Academics

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Academics

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4 College Freshman

Academics: There is a variety of courses to take here; and registration can be tough if certain classes are full. The workload varies among the classes but there are plenty of tutoring options on campus.

3 College Sophomore

Academics: Textbooks that are usually required are hardly used in most classes that aren't language classes are hardly used. Registration is very stressful since there aren't many class times available for classes that are required for majors. There are plenty of study areas on campus.

1 person found this useful Report
5 College Freshman

Academics: Once you get used to college, you can take 17 hours and be just fine. If you're not passionate about what you're taking, you will not be willing to put in the extreme amount of work it takes to do well. Most professors are understanding and want you to do well, but the larger the class size gets, the less likely they are to help you personally unless you attend all their office hours and prove that you care.

1 person found this useful Report
4 Recent Alumnus

Academics: Academics are a competitive topic in Georgia since we also have Georgia Tech and Emory here as well, but I would say the education you receive at Georgia for most majors are comparable. Georgia is pushing for more personable and engaging professors to come to UGA and have more modern and dynamic curriculum, but there is still a long way to go. Workload is pretty easily manageable.

1 person found this useful Report
4 College Freshman

Academics: The academics at UGA are challenging. Students have to take extra initiative outside of classes to make good grades, such as extra study time, attending office hours, etc.

1 person found this useful Report
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Student Author OverviewWhat's this?

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UGA has a growing reputation in the South. It has top, nationally ranked schools in law, journalism, pharmacy, veterinary medicine, and business and offers several compelling certificate programs like Music Business and New Media, among others. There is a plethora of majors at UGA, and if they don’t have the one you want, you can even design your own.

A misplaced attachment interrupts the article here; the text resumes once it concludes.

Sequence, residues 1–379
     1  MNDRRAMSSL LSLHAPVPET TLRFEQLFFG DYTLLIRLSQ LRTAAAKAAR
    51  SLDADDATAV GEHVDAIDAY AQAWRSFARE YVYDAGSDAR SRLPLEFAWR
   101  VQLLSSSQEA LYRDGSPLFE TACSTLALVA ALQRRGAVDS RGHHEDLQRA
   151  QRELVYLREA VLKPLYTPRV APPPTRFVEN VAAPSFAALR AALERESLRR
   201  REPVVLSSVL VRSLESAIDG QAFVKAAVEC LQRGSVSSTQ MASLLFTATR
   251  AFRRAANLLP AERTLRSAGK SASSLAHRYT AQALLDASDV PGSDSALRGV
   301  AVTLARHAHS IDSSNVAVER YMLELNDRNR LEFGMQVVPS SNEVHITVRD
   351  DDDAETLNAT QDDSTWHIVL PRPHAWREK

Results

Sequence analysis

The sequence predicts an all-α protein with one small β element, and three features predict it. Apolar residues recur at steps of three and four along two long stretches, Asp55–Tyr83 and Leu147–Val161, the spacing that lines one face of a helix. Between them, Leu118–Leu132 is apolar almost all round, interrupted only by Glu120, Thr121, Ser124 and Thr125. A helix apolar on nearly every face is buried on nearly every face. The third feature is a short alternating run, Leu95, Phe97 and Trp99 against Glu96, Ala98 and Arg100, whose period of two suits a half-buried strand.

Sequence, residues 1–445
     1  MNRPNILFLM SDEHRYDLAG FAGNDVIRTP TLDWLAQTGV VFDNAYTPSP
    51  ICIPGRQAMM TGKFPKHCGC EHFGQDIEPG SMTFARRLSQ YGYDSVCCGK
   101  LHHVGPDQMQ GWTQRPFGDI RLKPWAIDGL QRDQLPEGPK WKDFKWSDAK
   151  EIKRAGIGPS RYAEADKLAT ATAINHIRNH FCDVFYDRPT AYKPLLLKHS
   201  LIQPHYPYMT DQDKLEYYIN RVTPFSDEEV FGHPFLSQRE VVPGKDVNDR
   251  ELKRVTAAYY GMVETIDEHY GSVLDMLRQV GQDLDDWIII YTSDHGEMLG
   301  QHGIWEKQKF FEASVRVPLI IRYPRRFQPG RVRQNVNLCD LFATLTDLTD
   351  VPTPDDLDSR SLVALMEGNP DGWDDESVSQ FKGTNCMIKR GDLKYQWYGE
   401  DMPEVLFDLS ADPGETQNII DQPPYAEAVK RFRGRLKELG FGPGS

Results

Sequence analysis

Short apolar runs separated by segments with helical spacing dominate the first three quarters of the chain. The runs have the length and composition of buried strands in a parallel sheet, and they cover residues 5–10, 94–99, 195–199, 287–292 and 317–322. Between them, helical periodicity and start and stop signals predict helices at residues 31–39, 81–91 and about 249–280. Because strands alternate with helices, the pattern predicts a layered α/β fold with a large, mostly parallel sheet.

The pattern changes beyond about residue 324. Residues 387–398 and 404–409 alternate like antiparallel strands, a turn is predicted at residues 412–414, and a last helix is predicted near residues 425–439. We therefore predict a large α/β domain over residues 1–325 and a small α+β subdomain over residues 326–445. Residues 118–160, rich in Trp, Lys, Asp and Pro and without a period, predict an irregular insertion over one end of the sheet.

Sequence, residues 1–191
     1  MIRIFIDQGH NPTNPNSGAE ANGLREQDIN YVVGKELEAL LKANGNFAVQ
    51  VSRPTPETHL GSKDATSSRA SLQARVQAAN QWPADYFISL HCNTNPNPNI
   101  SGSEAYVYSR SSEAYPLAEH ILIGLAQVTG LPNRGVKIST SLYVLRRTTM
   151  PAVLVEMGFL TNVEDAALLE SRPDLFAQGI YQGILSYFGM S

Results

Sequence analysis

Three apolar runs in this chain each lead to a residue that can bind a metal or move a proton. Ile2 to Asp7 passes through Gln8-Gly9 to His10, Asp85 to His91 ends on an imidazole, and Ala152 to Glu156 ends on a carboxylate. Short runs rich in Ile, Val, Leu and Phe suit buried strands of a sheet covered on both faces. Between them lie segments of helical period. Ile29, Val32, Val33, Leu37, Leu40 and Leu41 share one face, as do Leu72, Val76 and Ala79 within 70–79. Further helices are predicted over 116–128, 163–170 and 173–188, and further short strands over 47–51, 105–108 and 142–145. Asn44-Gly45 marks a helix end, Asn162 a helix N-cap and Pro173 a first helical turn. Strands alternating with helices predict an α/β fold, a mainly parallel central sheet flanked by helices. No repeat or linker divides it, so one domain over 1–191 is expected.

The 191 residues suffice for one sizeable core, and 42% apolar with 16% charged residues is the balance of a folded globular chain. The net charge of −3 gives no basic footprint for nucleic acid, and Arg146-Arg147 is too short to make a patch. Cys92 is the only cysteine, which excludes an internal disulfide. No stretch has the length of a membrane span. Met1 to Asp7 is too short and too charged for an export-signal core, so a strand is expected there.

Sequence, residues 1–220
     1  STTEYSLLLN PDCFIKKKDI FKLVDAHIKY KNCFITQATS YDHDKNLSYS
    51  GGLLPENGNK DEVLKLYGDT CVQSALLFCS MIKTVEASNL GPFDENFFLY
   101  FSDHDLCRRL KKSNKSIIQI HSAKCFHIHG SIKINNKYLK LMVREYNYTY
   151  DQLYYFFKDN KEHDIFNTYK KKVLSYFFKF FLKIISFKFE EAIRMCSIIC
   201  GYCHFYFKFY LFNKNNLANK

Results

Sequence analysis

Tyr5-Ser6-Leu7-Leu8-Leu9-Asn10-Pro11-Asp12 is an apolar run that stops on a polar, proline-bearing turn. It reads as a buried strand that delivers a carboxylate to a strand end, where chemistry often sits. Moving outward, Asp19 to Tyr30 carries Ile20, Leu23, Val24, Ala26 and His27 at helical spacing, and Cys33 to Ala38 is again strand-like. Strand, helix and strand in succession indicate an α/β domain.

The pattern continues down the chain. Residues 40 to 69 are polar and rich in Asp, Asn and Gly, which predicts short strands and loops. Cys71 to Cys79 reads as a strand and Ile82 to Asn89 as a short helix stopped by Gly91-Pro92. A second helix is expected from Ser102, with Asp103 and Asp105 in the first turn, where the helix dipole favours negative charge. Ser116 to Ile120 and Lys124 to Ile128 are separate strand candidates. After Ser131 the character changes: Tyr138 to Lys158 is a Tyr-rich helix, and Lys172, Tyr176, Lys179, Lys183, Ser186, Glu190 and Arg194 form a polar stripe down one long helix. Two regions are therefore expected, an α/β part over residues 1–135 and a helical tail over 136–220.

Oftentimes, UGA attracts both students who want to learn and students who want to party. UGA has a dubious reputation for being a “party school,” but make no mistake about it, you will not be able to slack on your studies and leave here four years later with a diploma. Don’t get me wrong, having fun is an extremely important part of the college experience, but eventually, you have to put in the study time, or you won’t make it through sophomore year. Some classes, particularly freshman classes, are very big, easily filling auditoriums that hold a couple hundred, but the professors really try to make themselves accessible for the most part. Professors encourage students to stop by their offices for help or for study reviews. Most large classes will break down into discussion groups once a week with a teaching assistant (TA) who is graduate student at Georgia. The TAs are usually a little stressed out and/or overwhelmed, but in the end, they prove to be very helpful and relate extremely well with the students in their groups. It is, however, not uncommon to have teachers—at any level—that speak little to no English, and this is obviously a problem.

Facts & Statistics

Student-Faculty Ratio
18:1
Full-Time Instructional Faculty
1,796
Part-Time Instructional Faculty
412
Total FT Faculty
2,343
Faculty with Terminal Degree
94%
Average Faculty Salary
$87,224
Full-Time Retention Rate
94%
Part-Time Retention Rate
83%
Transfer-Out Rate
6%
Graduation Rate
83%
Programs/Majors Offered
178
Academic/Career Counseling?
Yes
Remedial Services?